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Re: [Diffserv] Model - queues


> > In general, you can have a buffer management scheme that continuously
> > makes state-dependent decisions on packets already in the buffer, i.e.,
> > you have the option of changing your mind even after accepting the
> > packet.  One of the simplest example of such a scheme that has been used
> > (with limited success though) in ATM switches is the pushout scheme, but
> > there are other variations that are possible and I think we should try
> > to have a structure capable of accommodating this.
> >
> Hmm.  I hadn't heard of this.  Do you have a reference?

Here are a few pointers, mostly papers analyzing performance, although I
recall at least one paper by Landsberg and Zukowski (Columbia U.) which
was describing a VLSI design they had done for a scheme that was
more generic than simple push-out.  I cannot put my hands on the exact 
ref right now, but maybe someone else will recall what I'm talking
Most of it is also described in P. Landsberg PhD thesis entitled "VLSI
for packet switching nodes in communications networks." (don't have a
copy of that either, but maybe Paul has an online version somewhere).

- H. Kroner, G. Hebuterne, P. Boyer, and A. Gravey. "Priority management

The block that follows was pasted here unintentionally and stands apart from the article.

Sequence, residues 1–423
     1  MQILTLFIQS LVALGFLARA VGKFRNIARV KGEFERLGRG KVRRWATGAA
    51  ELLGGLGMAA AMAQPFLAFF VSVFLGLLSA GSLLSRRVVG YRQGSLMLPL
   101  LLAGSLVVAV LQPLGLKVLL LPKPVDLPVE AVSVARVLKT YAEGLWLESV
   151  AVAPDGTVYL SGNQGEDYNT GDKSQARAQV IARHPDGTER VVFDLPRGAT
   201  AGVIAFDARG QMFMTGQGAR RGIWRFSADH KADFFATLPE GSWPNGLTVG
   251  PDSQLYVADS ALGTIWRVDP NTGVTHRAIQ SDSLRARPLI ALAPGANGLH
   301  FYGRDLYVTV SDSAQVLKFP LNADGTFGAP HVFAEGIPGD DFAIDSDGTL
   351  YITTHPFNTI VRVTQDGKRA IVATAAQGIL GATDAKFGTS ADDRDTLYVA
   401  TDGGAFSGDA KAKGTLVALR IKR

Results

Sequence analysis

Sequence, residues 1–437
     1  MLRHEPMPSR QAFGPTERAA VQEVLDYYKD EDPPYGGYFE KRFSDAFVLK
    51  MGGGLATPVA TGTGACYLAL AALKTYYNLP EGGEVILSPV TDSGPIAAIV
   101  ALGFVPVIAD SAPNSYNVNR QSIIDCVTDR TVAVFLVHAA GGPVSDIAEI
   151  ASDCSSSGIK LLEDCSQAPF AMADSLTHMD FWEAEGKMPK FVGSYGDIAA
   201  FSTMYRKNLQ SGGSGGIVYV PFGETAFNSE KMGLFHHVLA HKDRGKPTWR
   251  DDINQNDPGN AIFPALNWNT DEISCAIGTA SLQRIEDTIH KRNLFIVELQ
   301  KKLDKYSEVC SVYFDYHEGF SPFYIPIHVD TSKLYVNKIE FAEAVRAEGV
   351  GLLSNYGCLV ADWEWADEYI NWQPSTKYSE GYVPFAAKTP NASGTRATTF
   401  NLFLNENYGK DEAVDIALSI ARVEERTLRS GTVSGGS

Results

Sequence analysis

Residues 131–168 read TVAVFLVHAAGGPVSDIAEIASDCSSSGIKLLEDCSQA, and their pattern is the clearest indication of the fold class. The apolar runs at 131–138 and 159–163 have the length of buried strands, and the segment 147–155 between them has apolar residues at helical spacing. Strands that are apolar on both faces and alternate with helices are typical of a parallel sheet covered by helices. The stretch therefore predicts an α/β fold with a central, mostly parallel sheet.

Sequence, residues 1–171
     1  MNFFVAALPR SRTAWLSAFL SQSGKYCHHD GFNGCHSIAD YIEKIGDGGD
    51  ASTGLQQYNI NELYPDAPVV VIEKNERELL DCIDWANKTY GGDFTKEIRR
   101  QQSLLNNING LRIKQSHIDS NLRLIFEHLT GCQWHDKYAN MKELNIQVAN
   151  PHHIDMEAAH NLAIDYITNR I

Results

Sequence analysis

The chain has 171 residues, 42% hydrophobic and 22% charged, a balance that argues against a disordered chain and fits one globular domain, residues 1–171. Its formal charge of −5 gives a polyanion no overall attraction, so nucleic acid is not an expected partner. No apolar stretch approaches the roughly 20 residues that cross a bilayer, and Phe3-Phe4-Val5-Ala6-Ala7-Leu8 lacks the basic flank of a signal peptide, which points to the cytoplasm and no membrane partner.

in ATM switching nodes." IEEE Trans. Commun., vol. COM-9, No. 4, April
1991, pp. 418-427.

- J. Garcia and O. Casals. "Space priority mechanisms with bursty
IFIP Trans. C. Commun. Sys., Vol. C-4, 1992, pp. 393-412.
> > So I would say that a discarding element is an element which for every

- J. Garcia and O. Casals. "Stochastic models of space priority
mechanisms with 
Markovian arrival process."  Anals of Operations research, Vol. 35,
pp. 271-296.

> > So I would say that a discarding element is an element which for every

> > state change in the buffer, i.e., a packet leaving or arriving, is
> > making decisions on which packets to keep/accept in the buffer based on
> > a discarding discipline.  This is not much different from what you have,
> > but I thought it might be important to clarify things.
> >
> What you're pointing out is that the description doesn't capture the notion of
> a trigger, which could either be fired by a packet arrival at the discarding
> element, some state change in the FIFO element, scheduler, or meter, or a
> timer.  That's useful.

And also that the discarding decision can apply to any packet in the
not necessarily the arriving one or the one at the tail/end of a linked
You could pick a random one (not sure why, though ;-) or actually more
one, e.g., kicking out several small packets to make room for a big one.

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